A few bits of logistics …

  1. This afternoon I sent notes to everybody who completed the second survey and was specific about their preferred stream.  If you received one of these e-mails check to see if I have a location listed for you.  If I don’t please send me you location or let me know if you need help;
  2. Some people were willing to go to any of several streams.  I didn’t e-mail you, but here’s where we stand as far as watchers at streams: Thornton (2), McAleer (4), Lyon (3), Swamp (3), Waynita (1), North (6), Little Bear (2), Bear (1), May (1).  Any of these streams can absorb more watchers.  Swamp could use watchers in the lower regions (around the bowling alley; Squire’s landing is too deep); Little Bear could use watchers farther upstream (e.g. Rotary Park), Bear has lots of places to watch and will likely get the greatest number of fish (see the locations listed at Salmon Seeson).  I didn’t include Denny Creek on Finn Hill, but that might also be interesting.  There were some salmon spawning habitat enhancements done, but I haven’t heard about follow-up.  Go ahead and re-submit the second survey.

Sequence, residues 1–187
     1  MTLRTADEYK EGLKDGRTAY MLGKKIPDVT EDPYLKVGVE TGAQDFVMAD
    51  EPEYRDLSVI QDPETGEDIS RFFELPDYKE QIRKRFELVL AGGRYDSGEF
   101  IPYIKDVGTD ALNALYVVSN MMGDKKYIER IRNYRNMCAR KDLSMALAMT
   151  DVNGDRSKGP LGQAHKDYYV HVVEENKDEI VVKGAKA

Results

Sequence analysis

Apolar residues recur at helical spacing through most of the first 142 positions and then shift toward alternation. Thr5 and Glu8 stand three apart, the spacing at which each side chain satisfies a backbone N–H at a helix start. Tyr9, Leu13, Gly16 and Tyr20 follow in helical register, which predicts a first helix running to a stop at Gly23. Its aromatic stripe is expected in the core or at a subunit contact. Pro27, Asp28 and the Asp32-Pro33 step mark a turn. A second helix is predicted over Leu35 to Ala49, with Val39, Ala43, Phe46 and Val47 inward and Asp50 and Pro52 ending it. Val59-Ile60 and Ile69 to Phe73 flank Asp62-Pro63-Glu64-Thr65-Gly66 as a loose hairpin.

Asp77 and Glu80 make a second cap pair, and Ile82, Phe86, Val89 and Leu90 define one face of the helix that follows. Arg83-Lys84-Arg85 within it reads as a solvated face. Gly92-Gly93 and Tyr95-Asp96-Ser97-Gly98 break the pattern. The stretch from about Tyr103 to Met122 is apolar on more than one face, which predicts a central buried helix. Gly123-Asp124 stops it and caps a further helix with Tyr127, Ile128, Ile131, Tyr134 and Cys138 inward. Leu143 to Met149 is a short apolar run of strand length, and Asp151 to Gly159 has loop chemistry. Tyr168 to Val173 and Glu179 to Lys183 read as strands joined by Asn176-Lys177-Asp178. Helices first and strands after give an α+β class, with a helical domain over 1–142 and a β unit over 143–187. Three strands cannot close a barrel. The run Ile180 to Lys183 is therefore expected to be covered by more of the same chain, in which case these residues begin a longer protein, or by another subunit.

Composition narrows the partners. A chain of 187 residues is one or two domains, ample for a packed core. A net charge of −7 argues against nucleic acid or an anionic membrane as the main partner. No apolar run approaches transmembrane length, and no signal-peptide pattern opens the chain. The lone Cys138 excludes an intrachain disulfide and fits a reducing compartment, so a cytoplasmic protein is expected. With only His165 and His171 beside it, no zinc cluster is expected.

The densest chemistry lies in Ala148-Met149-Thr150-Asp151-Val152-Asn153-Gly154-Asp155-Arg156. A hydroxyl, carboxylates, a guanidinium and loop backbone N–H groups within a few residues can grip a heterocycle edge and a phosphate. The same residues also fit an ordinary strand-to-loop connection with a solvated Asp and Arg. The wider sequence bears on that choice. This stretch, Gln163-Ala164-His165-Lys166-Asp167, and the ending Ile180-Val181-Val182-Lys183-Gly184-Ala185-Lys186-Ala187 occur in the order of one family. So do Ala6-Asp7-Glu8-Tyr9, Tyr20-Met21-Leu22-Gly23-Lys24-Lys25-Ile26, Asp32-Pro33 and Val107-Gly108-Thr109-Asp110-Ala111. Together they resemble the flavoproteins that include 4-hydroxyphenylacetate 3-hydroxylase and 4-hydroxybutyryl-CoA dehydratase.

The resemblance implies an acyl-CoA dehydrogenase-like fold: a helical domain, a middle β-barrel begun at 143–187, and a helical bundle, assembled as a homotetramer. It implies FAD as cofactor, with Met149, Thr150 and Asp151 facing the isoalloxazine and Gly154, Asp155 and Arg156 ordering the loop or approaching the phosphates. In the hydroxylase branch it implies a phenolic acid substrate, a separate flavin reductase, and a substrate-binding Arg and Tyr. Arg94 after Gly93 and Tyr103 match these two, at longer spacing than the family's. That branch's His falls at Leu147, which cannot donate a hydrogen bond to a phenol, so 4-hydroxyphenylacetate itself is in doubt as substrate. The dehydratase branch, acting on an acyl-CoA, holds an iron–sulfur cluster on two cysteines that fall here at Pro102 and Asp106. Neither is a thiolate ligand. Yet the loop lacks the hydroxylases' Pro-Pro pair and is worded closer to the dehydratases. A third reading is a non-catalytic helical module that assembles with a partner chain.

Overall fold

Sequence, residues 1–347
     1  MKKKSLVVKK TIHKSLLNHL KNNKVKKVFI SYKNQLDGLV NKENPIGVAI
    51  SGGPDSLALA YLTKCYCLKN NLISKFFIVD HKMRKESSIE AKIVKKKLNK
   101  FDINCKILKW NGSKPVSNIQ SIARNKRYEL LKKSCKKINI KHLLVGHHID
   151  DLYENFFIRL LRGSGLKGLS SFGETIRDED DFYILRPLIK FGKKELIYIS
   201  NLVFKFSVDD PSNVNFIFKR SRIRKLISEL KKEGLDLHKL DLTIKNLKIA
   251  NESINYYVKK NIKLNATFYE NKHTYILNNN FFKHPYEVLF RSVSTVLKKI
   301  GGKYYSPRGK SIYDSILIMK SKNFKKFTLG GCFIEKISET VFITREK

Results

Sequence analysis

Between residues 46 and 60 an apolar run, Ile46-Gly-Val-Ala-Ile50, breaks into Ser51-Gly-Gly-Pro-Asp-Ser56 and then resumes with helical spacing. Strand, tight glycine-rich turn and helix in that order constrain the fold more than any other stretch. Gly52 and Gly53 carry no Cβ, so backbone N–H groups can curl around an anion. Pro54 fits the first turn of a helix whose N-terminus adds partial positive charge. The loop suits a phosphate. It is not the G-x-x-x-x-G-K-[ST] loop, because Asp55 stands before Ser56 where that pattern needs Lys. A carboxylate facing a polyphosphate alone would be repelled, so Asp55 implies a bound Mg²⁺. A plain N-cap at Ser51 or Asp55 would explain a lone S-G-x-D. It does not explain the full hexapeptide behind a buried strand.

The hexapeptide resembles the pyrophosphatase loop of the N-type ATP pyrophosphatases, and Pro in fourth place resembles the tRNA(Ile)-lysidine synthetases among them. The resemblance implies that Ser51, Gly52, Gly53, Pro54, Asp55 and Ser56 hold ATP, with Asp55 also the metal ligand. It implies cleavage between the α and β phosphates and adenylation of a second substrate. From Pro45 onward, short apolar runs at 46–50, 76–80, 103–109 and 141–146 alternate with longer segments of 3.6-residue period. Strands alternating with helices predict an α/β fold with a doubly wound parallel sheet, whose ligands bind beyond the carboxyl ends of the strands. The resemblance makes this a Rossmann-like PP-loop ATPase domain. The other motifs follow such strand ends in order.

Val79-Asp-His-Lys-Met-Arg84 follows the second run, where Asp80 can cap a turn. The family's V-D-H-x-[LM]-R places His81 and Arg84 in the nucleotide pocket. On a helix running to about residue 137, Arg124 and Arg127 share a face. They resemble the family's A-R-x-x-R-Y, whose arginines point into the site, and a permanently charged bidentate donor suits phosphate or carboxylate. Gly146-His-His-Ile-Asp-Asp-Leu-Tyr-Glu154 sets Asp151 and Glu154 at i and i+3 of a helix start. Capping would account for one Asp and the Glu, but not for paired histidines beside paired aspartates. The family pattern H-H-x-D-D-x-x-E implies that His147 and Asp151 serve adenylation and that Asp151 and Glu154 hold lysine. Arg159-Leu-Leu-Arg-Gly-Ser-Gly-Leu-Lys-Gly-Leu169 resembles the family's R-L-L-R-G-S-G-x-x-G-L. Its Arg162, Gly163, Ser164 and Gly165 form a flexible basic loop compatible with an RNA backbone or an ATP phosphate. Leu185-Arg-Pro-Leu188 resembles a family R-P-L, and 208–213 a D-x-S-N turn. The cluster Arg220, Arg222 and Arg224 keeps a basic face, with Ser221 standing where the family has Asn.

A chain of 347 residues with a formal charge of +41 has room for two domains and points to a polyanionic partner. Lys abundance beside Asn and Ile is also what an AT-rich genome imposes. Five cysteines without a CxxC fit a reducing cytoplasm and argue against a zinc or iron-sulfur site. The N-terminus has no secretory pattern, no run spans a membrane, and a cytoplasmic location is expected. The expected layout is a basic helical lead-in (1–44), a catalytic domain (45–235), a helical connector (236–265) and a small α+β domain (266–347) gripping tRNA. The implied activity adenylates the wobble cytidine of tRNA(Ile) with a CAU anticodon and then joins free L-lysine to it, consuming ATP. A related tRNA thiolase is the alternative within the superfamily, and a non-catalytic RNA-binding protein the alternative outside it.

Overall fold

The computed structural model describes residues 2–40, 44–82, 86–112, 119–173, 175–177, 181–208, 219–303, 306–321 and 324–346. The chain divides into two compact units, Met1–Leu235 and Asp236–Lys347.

3. If you completed the first survey but not the second, let me know if you’d like to join in by completing the second survey and indicating a preferred stream and location (in the comments) – we’d love to have you! Here’s a link to the survey:  And here’s a link to our webpage: (
  4. If you’ve decided not to participate this year – no worries!  Feel free to check out the website for updates and keep it in mind for next year.

OK – here’s what’s happened in the last week:

I’ve received a handful of reports – thanks!.  No sockeye or kokanee were seen (no surprise, it’s early.  They should show up soon). One chinook carcass was found (see attached picture) – unfortunately it was a female still full of eggs.  High temperatures in the Sammamish are a major challenge.